Not only could war up new energy and economic avenues for both Azerbaijan and Turkey, but it also held the possibility of weakening Armenia’s geopolitical position by making it less of a socio-economic threat regionally and more reliant upon Russia. This suited Russian interests, since the nation has always sought to remain relevant in the region and maintain a sphere of influence in their former Soviet territories. On the other hand, Armenia, which is landlocked, possessed closed borders with two violent neighbors and was relatively weak militarily, was forced to guarantee much of its security through maintaining close bilateral ties with Russia. Specifically, the two nations are both members of the Collective Security Treaty Organization, and trade energy through either the North-South Gas Pipeline or the Southern pipeline from Iraq.9,A4 At the onset of the Second War, however, Russia failed to immediately support Armenia militarily and only entered the War after one of its helicopters was shot down, providing Russian President Vladimir Putin with a casus belli to forcefully intervene and arrest the Azeri offensive.10

It is clear that the Second War’s ending was not achieved through ground forces triumphantly emerging victorious, but because smaller powers were afraid of their larger benefactors entering the fray and complicating the entire theater of operation. To avoid either Russia or Turkey from deploying their own troops and carving up the entire region for themselves, thereby placing the security of both Armenian and Azerbaijan at significant risk, both Baku and Yerevan quickly signed onto a ceasefire peace agreement. The deal returned significant portions of the Nagorno-Karabakh territory to the Azeris, as recognition of their conquests, forced Armenia to both demobilize troops in the area and resettle all Armenians living within the territory, while also effectively guaranteed Russian and Turkish security in the region, since they would be deploying peacekeeping forces at vital throughways to uphold the terms of the agreement.A5 Unfortunately, this deal only occurred because Azerbaijan was able to buy superior firepower, advanced drones and artillery systems because of the income generated from the sale of Caspian Sea hydrocarbons, which came at the cost of the local environment and average citizens, who have seen little in the way of adaptation and mitigation investment, which might otherwise protect them from hazards or displacement.

Similar to the rest of the world, the South Caucasus region is beset by environmental threats, including flooding, landslides, earthquakes and unproductive arable land, which together places the security of many average citizens at high risk.11,A6 On top of that, the threat of war has compounded many of the existing security issues that impact those who have been either displaced by the incessant conflict or due to those identified hazards. In fact, after the First War, many Azeris were forced to flee the war-torn region and frequently were resettled in either the Karabakh and Lankaran districts, where floods and landslides, respectively, exacerbated the already poor situations these war-displaced communities were forced into.12 This ultimately put tremendous pressure on subsequent Azeri administrations to seek retribution via armed conflict against Armenia, who are frequently blamed for the deteriorating conditions observed within the Azeri State. In response, policy-makers in Baku faced the decision of investing in either sustainable development that would improve the existing living standards for those displaced, or invest in the military, which would be employed to reacquire the lands and strategic security resources lost after the First War. As observed, Azerbaijan chose the later option, and after the opening salvos on September 27, 2020, the new and improved Azeri armed forces rapidly pushed along several fronts to secure vital infrastructure, including the aforementioned water, mining and military installations that would provide effective control throughout the Nagorno-Karabakh.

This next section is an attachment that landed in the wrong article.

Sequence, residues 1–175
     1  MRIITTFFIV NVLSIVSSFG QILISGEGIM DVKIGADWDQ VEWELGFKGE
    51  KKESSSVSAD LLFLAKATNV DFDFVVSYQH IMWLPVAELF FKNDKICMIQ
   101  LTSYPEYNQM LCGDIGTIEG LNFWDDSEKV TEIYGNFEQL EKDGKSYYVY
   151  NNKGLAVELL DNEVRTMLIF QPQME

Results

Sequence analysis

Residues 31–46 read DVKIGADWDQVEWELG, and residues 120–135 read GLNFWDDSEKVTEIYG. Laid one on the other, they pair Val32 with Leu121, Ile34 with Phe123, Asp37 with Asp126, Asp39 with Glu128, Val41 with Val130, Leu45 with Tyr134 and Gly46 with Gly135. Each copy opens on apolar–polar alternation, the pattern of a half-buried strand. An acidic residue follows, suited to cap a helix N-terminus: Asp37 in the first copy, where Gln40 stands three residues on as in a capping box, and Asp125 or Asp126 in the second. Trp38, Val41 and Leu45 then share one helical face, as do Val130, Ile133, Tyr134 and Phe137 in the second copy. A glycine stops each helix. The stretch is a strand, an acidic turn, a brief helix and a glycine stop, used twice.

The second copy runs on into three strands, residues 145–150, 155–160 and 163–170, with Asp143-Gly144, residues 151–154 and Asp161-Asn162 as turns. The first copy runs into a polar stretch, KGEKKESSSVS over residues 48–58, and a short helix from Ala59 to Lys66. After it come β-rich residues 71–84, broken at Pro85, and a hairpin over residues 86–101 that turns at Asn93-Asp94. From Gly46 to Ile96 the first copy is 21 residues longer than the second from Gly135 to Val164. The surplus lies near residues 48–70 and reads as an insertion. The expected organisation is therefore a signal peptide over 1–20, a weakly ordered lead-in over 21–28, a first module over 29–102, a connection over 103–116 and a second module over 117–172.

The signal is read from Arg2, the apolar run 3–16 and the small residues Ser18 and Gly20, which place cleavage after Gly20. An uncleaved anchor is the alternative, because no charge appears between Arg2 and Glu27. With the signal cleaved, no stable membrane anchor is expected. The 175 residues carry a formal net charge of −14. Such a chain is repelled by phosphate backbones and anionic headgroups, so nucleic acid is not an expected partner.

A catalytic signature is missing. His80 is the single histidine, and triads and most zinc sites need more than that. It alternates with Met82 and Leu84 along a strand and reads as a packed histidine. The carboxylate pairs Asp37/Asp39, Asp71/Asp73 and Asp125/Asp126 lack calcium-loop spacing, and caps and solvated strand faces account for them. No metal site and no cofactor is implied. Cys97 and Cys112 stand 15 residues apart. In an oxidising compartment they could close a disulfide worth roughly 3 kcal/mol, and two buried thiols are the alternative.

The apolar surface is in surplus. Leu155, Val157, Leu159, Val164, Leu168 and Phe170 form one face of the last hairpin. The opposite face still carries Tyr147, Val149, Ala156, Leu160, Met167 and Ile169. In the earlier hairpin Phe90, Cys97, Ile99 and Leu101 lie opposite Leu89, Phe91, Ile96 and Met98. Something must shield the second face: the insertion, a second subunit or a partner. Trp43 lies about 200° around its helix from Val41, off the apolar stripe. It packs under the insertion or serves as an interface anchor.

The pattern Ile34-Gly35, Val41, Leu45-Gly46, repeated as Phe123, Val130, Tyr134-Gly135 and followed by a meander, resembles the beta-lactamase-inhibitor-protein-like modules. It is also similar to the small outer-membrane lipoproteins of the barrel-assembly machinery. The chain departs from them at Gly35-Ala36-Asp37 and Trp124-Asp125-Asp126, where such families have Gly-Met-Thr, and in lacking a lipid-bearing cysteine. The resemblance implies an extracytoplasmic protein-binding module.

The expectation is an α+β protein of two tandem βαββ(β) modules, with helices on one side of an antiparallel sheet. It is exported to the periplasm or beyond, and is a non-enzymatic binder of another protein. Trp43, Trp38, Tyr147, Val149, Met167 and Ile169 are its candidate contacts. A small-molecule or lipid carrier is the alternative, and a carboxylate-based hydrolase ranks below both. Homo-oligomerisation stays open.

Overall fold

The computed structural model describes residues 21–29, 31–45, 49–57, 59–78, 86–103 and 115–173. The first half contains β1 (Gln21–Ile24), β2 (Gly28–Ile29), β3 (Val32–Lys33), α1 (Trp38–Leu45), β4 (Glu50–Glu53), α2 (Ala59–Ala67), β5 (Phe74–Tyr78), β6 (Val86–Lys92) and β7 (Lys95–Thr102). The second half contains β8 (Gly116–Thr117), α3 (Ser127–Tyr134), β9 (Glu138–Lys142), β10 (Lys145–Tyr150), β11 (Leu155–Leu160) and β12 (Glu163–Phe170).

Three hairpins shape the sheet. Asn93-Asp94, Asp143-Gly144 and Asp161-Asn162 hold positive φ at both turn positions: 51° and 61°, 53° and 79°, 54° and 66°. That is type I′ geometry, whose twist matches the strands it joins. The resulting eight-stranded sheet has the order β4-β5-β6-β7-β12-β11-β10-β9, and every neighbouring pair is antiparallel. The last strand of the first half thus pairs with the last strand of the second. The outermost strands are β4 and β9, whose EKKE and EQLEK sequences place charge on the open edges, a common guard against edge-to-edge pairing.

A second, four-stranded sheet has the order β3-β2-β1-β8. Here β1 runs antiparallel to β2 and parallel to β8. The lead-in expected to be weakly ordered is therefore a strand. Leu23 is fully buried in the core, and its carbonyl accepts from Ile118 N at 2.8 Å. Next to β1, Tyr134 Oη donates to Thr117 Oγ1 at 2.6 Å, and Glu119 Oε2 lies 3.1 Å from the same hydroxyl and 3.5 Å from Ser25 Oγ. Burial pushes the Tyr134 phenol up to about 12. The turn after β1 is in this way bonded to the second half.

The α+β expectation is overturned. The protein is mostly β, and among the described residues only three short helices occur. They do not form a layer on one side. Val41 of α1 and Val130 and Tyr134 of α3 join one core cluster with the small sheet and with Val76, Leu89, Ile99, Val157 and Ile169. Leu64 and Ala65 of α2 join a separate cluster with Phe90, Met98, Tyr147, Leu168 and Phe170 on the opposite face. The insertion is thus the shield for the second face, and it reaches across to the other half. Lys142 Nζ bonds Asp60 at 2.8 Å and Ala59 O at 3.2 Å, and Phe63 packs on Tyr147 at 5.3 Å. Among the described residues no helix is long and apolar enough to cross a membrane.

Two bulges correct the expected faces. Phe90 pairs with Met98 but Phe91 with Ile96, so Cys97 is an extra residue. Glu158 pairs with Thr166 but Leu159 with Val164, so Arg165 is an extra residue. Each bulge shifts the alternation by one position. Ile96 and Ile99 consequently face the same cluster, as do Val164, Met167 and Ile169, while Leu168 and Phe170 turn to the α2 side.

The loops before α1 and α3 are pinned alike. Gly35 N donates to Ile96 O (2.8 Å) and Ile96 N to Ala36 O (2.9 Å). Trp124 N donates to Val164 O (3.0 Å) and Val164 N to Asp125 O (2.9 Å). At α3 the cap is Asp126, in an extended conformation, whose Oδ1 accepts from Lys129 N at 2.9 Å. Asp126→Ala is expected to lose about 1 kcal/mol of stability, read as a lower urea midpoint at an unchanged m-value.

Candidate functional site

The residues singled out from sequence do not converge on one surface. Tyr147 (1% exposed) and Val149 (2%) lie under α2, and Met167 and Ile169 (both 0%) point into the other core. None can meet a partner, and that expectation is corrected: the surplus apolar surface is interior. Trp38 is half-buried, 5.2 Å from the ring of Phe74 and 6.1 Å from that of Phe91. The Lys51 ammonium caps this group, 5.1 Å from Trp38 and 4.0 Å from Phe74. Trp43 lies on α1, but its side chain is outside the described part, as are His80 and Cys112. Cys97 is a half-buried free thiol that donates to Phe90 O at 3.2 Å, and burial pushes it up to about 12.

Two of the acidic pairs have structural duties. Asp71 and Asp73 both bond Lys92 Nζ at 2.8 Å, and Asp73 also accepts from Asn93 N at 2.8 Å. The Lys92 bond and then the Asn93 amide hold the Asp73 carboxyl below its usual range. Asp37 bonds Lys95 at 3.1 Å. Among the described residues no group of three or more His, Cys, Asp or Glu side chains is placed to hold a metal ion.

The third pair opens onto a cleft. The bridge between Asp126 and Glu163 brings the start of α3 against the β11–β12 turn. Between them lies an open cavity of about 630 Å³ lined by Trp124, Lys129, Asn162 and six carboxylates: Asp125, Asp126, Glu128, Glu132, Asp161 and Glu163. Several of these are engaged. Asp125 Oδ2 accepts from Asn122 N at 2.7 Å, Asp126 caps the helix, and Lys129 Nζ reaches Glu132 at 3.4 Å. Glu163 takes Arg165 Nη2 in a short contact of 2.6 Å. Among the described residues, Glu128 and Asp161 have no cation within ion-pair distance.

Azerbaijan’s offensive had the primary goal of reclaiming the less mountainous districts of southern Nagorno-Karabakh, including Fuzuli and Jabrayil, where the terrain was more accessible, favorable to future offensive operations and noted critical mining, energy and resource infrastructure existed.13 Several days after the onset of the Second War, it became clear that not only was Armenia out-gunned, but also woefully underprepared to deal with technologically advanced Azeri forces, whose tactical readiness far outpaced the Armenian armed forces, which had been weakened over years of mismanagement and corruption.15 The War was effectively ended after Azeri forces captured the regional capital, Shusha, which served as both a culturally and strategically significant location within the Nagorno-Karabakh region, and it was at this critical moment that Russia and Turkey became more prominently involved in the affair.